The moral of this story appears to be … choose your business partners carefully. A group of attorneys have filed suit in Minnesota against their former senior partner for cashiering them and others over social-media posts supporting Donald Trump. Wesley Scott allegedly accused them of plotting a “coup” against him as well:
In the wake of the Jan. 6 riot at the U.S. Capitol, when Trump supporters violently stormed the building to prevent congressional certification of Joe Biden’s election as president, the suit alleges that law firm president Wesley Scott sought to fire employees he believed had made pro-Trump posts on social media. …
According to the complaint, Scott was disturbed by the Capitol riot and sent an e-mail in April to all the firm’s lawyers, saying that the “traitors on Jan. 6” should have been shot.
He then told the firm’s operations manager to fire two employees he labeled “racist” because they had pro-Trump and pro-police posts on their social media accounts.
When she refused to fire the employees, Scott fired her, according to the complaint. Scott then fired an additional employee and threatened to fire another.
The three partners confronted Scott, according to court documents, and told him that firing an employee for political beliefs is against state law. Scott then fired them and called St. Cloud police to remove the pregnant [Kelsey] Quarberg, claiming she was trespassing and physically threatening him.
Keep in mind that this is no small-beans operation. Kain & Scott have nine offices in the state, covering all of the major cities in Minnesota. (All two of them. — Hush!) This could end up being a significant case, not just because of the subject matter and principle involved, but also because it might dissolve a significant legal player.
Why? Scott might have cut off his nose to spite his face:
What’s more, the firm’s ownership is in limbo. The three fired partners together own 50% of the firm, with Scott owning the other half.
D’oh! Scott allegedly reneged on a buyout offer, which is what prompted the lawsuit. With that in mind, keep a skeptical eye on claims made by both sides in the filings. It’s easy to make claims; it’s another thing to prove them in court, as we have repeatedly seen over the last few months. That’s especially true in marriages and other partnerships when they fall apart acrimoniously.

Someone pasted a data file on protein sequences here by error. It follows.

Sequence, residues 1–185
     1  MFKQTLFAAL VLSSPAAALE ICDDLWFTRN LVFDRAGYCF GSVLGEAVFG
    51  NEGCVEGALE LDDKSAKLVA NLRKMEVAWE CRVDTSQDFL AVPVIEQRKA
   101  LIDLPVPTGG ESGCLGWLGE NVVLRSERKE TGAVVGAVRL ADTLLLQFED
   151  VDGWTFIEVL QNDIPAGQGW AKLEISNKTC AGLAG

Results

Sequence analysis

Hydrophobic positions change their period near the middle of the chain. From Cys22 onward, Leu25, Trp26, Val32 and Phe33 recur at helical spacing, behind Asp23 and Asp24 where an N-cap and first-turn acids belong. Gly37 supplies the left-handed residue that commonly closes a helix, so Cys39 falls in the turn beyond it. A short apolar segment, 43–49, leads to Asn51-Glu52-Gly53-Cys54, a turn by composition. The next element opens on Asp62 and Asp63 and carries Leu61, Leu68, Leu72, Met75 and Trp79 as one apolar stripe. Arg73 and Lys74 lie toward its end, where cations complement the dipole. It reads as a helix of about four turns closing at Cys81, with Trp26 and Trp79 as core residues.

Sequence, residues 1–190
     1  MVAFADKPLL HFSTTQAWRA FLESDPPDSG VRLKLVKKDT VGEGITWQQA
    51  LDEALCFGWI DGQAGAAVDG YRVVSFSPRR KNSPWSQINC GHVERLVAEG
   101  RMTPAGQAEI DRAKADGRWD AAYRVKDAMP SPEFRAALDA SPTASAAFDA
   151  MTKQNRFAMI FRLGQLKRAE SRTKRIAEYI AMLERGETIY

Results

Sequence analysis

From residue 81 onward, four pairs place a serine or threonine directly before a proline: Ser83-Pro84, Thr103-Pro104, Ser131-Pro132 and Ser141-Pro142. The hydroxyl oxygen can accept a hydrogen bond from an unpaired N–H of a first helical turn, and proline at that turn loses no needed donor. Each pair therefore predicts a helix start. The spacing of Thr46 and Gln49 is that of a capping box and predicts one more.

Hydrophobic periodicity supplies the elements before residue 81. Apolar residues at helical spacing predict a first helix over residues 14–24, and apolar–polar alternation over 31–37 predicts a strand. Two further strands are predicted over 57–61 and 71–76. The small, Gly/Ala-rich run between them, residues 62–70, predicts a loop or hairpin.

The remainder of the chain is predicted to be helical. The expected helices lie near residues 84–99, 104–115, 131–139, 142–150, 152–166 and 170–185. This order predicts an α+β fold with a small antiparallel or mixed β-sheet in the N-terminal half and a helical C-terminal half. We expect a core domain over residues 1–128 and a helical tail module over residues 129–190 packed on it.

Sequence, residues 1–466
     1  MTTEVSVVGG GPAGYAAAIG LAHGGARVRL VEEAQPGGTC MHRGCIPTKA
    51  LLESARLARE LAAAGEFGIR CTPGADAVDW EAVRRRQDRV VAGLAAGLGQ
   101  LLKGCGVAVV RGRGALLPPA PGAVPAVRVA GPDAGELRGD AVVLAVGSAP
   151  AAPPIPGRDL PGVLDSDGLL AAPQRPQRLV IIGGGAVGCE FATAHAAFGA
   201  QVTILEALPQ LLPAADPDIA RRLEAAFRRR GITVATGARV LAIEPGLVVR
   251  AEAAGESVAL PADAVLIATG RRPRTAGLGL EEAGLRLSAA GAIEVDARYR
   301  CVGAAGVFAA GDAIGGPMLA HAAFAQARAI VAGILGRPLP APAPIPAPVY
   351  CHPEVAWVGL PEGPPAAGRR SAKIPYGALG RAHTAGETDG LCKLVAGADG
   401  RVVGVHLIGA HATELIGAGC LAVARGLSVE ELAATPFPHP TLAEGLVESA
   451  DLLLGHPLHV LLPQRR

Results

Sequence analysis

If these claims are correct, however, and especially if they’re provable, Scott has a very big problem on his hands. At-will employment (with the lower-level employees fired) is tricky, but employers generally can’t fire workers for political speech made on their own time. As long as they don’t involve their employers, workers have the right to express themselves politically. Even if an employer was inclined to fire such an employee, he would have to follow the established procedures first or be subject to claims of discrimination, in this case viewpoint discrimination. (Imagine what the media coverage would have been had they been fired for not being Trumpian enough.)
Firing partners with contracts and ownership positions is even more difficult. Unless Scott can show that they violated the terms of those contracts, he’s going to lose, and lose big. You’d think an attorney would know this, but … you’d also think that an attorney would know better than to engage in viewpoint discrimination in the first place.
Maybe Scott thinks he can woo a jury with his anti-Trump stance. Perhaps, but if this goes to a jury, the law firm will be all but dead thanks to the costs and disruption of a trial. Many of their customers will likely decamp for other law firms with less drama and paranoia. The only people who’ll get rich off this suit are the, er … lawyers.